10. I thought 17dn (What could make one lie square? – EQUALISER) was brilliant. Has hardly been mentioned yet, so is it only me?
    1. No, not just you – I fully agree. I’ve noticed recently that on days when the puzzle is easier & so the solve is quick, I tend not to notice even very good clues while solving, but this one really stood out.


  11. 5.26. As Penfold has said, some of these clues seemed almost ridiculously easy. My main holdups were 1a (I was initially thinking curve=arc, not curve=arch), and 19 at the end – like many other posters I had no idea GLUTTON had this other meaning, and stopped briefly to consider if there could be anything else that fitted.
  12. Can’t be him if Wikipedia is right in thinking he’s still alive. Presumably the character in Frederick Forsyth’s The Day of the Jackal, apparently the source of Carlos’s nickame.

    Edited at 2008-09-01 03:33 pm (UTC)

  13. A very easy start to the week. i didnt know that a glutton wsa a wolverine creature…but i do now. COD a toss up between KNIGHT and EQUALISER. around an hour while working at the same time!
  14. EQUALISER at 17 dn was the stand-out contender for COD, I thought, for its unimpeachably accurate but cleverly misleading definition.

    Like others, I found this an odd mix of the almost ridiculously easy (e.g. 8 dn) with the quite hard. The glutton-wolverine connection was new to me, as it seems to have been to almost everyone else.

    I happened to know the obscure Waggledagger reference at 25 dn that annoyed some others, so I’m not complaining. But I was surprised that this didn’t draw so much as a bat-squeak of protest from Jimbo. I would have expected it to have had him choking on his Dorset knobs. Perhaps a version of the infamous Jowett principle invoked in these comment columns a couple of weeks ago was at work – “unfair specialist knowledge is what I don’t know; fair specialist knowledge is what I do know”?

    30 mins for me.

    Michael H

    1. Much more likely to be because I’d washed the knobs down with a pint or two of Badger’s before tackling the puzzle and was thus in a very mellow state. I agree it was an obscure reference but an easy one!
  15. Didn’t finish this in one sitting, but did manage to blunder all the way through it in three short sittings with snacks. ASTRAKHAN from wordplay, FRAU from definition.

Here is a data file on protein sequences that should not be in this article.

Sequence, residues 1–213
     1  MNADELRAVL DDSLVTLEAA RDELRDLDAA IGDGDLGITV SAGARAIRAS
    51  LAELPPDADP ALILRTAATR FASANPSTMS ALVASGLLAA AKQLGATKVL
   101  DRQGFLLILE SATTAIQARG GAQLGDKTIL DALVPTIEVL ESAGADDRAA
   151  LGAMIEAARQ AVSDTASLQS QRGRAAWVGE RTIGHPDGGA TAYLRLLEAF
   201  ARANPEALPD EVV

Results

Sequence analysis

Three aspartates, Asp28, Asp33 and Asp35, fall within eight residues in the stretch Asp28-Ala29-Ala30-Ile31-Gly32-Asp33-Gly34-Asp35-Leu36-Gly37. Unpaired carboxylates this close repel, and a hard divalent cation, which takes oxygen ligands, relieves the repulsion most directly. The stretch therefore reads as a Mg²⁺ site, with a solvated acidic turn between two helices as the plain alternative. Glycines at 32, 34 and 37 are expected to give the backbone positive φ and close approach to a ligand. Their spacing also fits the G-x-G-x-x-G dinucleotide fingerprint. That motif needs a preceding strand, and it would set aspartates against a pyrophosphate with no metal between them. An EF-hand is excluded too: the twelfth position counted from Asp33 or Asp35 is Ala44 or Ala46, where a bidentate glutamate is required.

16. I have just started looking at crosswords and am very impressed at the speed you all solve things. Note 15: Attribute not atrribute 🙂
  17. Pretty fast, just over 8 minutes.

    The hotel I stayed in last night only had the Indy available this morning – unused to the style I got held up on that one, particularly in the SW corner, and it was same in the Times, the trio of 18, 19 and 26 adding 2-3 minutes to what could have been a blistering time otherwise.

    An easy start to the week, then. Are we in for punishment later?

    Q-0 E-6 D-4 COD 14 (nice image and felt like a fresh clue treatment).

  18. Triple clues always stump me, so I scratched my head this morning (15 Sept, New York time) over 5d (“spinner’s cap and sweater”) for some time.

    Got “glutton” and “impatience,” but had to google ’em to “get” them, so to speak. Am now trying to figure out how to work “glutton” into an urban conversation.

  19. No – it doesn’t have the same ring to it. No wonder we all use WOLVERINE and did not know the alternative. Do they always live in forests? It was my LOI – put in with a shrug and a “?” next to it. Thankfully TfTT usually comes up with the answers to the ?s.

    There is a footer XI of “easies” – thankfully I think I know how these work:

    9a Shock caused by dangerous feat? No end (4)
    STUN (T)

    11a Small house on estate, I’m getting converted (10)
    MAISONETTE. Anagram of (on estate I’m)*. I like Penfold’s Uxbridge dictionary definition (above).

    13a Prohibition – check Chicago’s last (4)
    VET O. Russian Wheat-O according to Penfold.

    16a Sailor needing to achieve objective (6)

    28a Record composer heard (4)
    (Brahms and) LIST

    29a Weird scene must involve a session with a spiritualist (6)
    SE A NCE

    4d Strange article defending made up story (5)
    A LIE N

    5d Spinner’s cap and sweater (3)
    TOP. Beware the triple definition!

    7d Conservative, one departing in a chopper (7)

    8d A Caledonian racecourse (5)
    A SCOT

    17d What could make one lie square? (9)